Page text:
Rivers no longer running front office: 'Cool general managing, Glenn'


Rivers no longer running front office: 'Cool general managing, Glenn'

You’re tempted, petty little tyrant that you are, to say, “Cool general managing, Glenn.”

You’ll see that Doc Rivers has lost his team-building responsibilities with the Los Angeles Clippers to focus solely on coaching them, and you'll hearken back to Draymond Green’s enduring putdown of the coach when he was complaining about Dahntay Jones’ fine for bumping Green during a postgame interview.

And then you’ll think that the Golden State Warriors and Clippers still have some sort of rivalry. And that’s where you’ll be wrong.

The Clippers and Warriors are two ships that passed in the night, and their relationship is that of planetary co-inhabitors rather than death-feud enthusiasts. Those days are now three years' past and never coming back. Indeed, the Warriors have no such rivals at all now that the Cleveland Cavaliers are in the process of going full cicada and disappearing for the next 17 years or so.

That could, of course, change if the Warriors have a catastrophic injury year or a series of other calamities befall them, but that’s not the way to bet right now. Indeed, without Chris Paul, the Clippers look like a sixth- or seventh- place team right now, a Denver Nuggets or Utah Jazz-level contender.

As they sort of were last year, and the year before. Cool second-round exits, Glenn.

But worse for the Clips is the fact that Rivers is still sort of the face of the franchise, and that’s never a good thing. Indeed, the worst thing is when your owner or top management executive is the face of the franchise (Michael Jordan in Charlotte, or until he was fired, Phil Jackson in New York), followed by the coach (say, Rivers, or Stan Van Gundy in Detroit), then followed by one player (Lonzo Ball in Los Angeles, even though it’s awfully early for that sort of thing).

The ideal setup is when several players are the face of your franchise because that means they are all worth notice. Like, well, you know.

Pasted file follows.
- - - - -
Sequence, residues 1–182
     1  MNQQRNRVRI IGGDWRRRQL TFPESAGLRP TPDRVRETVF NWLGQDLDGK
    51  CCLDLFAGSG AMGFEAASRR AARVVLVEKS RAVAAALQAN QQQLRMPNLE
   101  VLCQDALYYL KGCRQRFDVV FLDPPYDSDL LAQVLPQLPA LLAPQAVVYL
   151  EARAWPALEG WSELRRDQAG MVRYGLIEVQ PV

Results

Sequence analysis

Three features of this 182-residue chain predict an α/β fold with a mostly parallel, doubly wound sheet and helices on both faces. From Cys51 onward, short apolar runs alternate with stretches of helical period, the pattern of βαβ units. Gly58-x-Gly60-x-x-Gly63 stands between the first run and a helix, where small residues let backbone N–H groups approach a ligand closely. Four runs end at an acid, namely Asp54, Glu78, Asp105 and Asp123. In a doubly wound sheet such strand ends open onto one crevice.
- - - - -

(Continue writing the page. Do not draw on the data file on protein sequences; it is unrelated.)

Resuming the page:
But not everyone can be, well, you know. Almost all teams aren’t, so their faces aren’t as good. So say “cool general managing, Glenn” if you must. Rivers helped repair the nightmare of the Clippers, he gave the team their window of opportunity, and now it is closing. It’s a tale like many others, so yeah, maybe it is a “cool story.” Just not one he would enjoy hearing.

With Green listed as doubtful, expect Warriors to rely on rookie Jordan Bell


With Green listed as doubtful, expect Warriors to rely on rookie Jordan Bell

After getting a rude “Welcome to the NBA” facial from Rockets guard Eric Gordon in his debut Tuesday night, Warriors rookie Jordan Bell stands to get a more legitimate baptism Friday night in New Orleans.

That’s where Pelicans All-Stars Anthony Davis and DeMarcus Cousins will be waiting, eager to abuse the new guy.

With starting power forward Draymond Green listed as doubtful with a strained left knee -- MRI test results were negative -- Bell can expect significant minutes when the Warriors and Pelicans meet at Smoothie King Center.

Aware Green’s availability is in question, Bell sees what’s ahead in Davis and Cousins, as they both possess skills that rank among the top five big men.

“I’m definitely excited about that,” Bell said Wednesday. “(They are) some of the best bigs in the league, so I’m definitely excited to get tested against that.”

Warriors coach Steve Kerr generally avoids tinkering with his set rotations, in which case David West and JaVale McGee would continue to come off the bench at center. Of the other “bigs” on the roster, Bell is most likely to start if Green is unable.

Bell played 12 minutes in the opener, and they were in slots that typically go to McGee, who never left the bench against Houston. Citing the matchups created by the Rockets’ smallish lineups, Kerr opted for the 6-foot-8, 225-pound Bell over the 7-foot, 270-pound McGee.

That will change Friday, regardless of Green’s status, as both Bell and McGee will be needed against Davis and Cousins, both of whom possess wing spans over 7 feet. Only Bell is suited to play power forward or center, and the staff is coaching him at both positions.

“At the 4, I have to be more of a facilitator, like (Green) is,” Bell said. “Some plays (Kerr) has me doing the same things Draymond does. Sometimes he has me bring the ball up in practice. Calling plays, putting me in positions on the elbows to make the right pass, make the right read.

“When I’m at the 5, I have to be more of an aggressor, a more physical guy on the court, focusing on rebounding and finishing around the rim.”

It’s exceedingly rare for a second-round draft pick to start a game in his first week as an NBA player. The Warriors believe Bell can handle it. So in the case of Green being held out, it wouldn’t be a surprise if the rookie’s name is called.


Report: Draymond Green receives results on left knee MRI


Report: Draymond Green receives results on left knee MRI

The Golden State Warriors and Dubnation have been holding their breath a bit awaiting the results of Draymond Green's MRI. 

They can breathe a little better now. 

According to ESPN, the forward underwent an MRI on his left knee and results came back negative. 

Green left Tuesday's game against the Rockets one point shy of a triple double after 28 minutes of work. 

The Warriors were left in a defensive deficit in his absence and ultimatley lost to the Rockets 122-121. 

More to come...